Most leadership teams are using a range of tactics to address the shortage’s immediate effects. They stood up “war rooms” early in the shortage to map their response and revamp their supply chain strategy. Many expanded their product stockpile to create a buffer against shortfalls. Companies have also boosted the accuracy and length of demand forecasts, and some have used pricing to steer customers toward their more widely available products.
These tactics have certainly made a difference, but at this point, they’re table stakes and don’t address the root of the problem. Leading companies are going a step further. They’re turning to their engineering team to quickly adjust the way the company designs its products, in order to more rapidly and effectively mitigate supply chain shocks, with a focus on two key capabilities: resilience and availability.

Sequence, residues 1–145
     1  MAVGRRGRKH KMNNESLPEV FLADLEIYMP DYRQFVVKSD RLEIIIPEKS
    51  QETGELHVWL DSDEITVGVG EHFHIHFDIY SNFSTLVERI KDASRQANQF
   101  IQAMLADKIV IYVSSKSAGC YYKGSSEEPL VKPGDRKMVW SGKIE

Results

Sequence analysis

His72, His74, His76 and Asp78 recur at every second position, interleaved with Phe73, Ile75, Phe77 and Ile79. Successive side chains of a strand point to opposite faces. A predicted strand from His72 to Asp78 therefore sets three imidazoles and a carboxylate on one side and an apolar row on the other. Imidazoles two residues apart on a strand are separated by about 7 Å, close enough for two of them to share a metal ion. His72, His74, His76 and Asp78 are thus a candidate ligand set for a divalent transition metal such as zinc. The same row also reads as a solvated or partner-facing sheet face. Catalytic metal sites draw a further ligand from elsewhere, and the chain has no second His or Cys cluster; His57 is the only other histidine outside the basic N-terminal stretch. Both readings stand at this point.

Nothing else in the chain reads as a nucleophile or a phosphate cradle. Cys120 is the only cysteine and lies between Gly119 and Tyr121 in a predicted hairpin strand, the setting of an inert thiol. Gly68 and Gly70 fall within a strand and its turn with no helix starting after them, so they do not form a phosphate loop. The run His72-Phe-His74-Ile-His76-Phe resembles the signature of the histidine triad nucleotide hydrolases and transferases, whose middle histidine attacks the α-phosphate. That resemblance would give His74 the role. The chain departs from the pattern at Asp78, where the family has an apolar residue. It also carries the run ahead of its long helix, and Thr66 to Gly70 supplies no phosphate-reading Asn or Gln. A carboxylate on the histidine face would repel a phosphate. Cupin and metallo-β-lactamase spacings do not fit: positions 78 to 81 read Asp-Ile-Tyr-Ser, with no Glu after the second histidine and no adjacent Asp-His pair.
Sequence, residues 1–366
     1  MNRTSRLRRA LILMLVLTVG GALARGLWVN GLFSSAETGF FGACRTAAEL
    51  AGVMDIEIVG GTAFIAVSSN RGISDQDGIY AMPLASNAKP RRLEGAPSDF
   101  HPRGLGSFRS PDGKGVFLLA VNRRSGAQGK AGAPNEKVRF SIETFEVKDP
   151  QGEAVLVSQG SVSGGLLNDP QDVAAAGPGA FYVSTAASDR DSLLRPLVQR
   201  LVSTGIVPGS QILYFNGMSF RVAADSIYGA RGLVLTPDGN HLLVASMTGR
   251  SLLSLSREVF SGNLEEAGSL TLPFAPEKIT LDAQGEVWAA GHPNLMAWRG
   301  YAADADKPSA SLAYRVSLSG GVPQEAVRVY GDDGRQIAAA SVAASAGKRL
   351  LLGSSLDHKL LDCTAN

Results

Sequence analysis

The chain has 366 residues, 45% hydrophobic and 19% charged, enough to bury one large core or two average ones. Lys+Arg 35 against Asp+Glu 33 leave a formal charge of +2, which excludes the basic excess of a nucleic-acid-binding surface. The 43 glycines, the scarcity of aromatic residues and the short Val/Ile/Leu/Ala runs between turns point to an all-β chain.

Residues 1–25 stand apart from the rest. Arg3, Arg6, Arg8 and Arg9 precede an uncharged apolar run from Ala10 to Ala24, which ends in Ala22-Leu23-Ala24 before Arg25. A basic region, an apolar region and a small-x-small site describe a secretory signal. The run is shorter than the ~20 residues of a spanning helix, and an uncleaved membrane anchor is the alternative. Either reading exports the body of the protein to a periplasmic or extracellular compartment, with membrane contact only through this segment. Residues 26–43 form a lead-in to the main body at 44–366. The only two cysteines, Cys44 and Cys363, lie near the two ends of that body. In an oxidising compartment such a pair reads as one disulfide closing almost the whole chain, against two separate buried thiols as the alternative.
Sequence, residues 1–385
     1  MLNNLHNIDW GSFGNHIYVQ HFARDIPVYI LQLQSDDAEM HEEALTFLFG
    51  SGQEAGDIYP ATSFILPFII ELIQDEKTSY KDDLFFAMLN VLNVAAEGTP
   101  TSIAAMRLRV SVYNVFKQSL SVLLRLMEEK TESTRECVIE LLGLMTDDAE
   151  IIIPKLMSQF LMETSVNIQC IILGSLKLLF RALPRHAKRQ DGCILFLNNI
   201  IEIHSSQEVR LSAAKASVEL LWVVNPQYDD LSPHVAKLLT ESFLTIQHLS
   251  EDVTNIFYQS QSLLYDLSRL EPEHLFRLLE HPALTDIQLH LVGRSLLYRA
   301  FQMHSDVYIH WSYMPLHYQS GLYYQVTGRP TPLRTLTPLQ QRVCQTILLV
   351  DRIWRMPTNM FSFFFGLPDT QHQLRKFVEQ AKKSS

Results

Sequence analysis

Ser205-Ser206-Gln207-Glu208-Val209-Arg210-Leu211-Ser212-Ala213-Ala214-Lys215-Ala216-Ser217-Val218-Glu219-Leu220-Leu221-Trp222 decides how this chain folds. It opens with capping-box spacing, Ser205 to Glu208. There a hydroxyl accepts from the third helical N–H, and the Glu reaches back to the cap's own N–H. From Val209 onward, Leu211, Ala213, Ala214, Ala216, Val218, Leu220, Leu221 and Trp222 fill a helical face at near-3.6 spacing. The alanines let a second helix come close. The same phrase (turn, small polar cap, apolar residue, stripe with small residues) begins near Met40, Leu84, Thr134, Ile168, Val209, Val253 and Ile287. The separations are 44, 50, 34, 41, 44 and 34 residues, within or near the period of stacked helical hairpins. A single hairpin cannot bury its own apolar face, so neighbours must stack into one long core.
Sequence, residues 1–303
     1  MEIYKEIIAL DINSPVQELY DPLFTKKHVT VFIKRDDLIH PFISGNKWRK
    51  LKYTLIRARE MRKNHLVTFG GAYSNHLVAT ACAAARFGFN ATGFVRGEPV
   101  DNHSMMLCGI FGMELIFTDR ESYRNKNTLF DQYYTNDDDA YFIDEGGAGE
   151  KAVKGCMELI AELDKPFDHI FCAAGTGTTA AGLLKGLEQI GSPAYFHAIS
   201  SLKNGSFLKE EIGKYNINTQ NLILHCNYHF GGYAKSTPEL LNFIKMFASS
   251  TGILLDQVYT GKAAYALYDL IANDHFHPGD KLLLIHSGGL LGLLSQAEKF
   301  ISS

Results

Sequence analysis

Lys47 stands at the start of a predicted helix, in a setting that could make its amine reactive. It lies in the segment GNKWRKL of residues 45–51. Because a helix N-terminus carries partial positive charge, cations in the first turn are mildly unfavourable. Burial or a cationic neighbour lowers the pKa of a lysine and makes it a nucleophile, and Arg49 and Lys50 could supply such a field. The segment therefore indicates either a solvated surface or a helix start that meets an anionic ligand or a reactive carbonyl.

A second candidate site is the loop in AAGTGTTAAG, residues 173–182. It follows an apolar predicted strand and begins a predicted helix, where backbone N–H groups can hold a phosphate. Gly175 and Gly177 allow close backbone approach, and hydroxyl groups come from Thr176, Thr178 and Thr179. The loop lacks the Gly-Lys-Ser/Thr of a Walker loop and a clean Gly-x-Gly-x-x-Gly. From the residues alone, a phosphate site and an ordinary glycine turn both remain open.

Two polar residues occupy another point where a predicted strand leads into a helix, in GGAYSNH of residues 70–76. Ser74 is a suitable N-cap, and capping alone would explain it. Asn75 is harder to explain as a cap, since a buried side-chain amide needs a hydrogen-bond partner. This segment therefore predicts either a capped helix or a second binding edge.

Redesigning product design
The difficult lessons of the chip shortage have pushed more executives to prioritize resilience at the core of their product design strategy. At the same time, they’re trying to strengthen their company’s ability to quickly adapt products to increase availability when a short-term supply shock hits and they’re actively (or imminently) losing sales.
When successful, the company quickly returns a nearly identical product to market. Even a single, simple adjustment could make a difference. During the recent chip shortage, automaker Stellantis swapped out digital speedometers for analog ones in one of its Peugeot models, allowing the company to sidestep a significant production hurdle.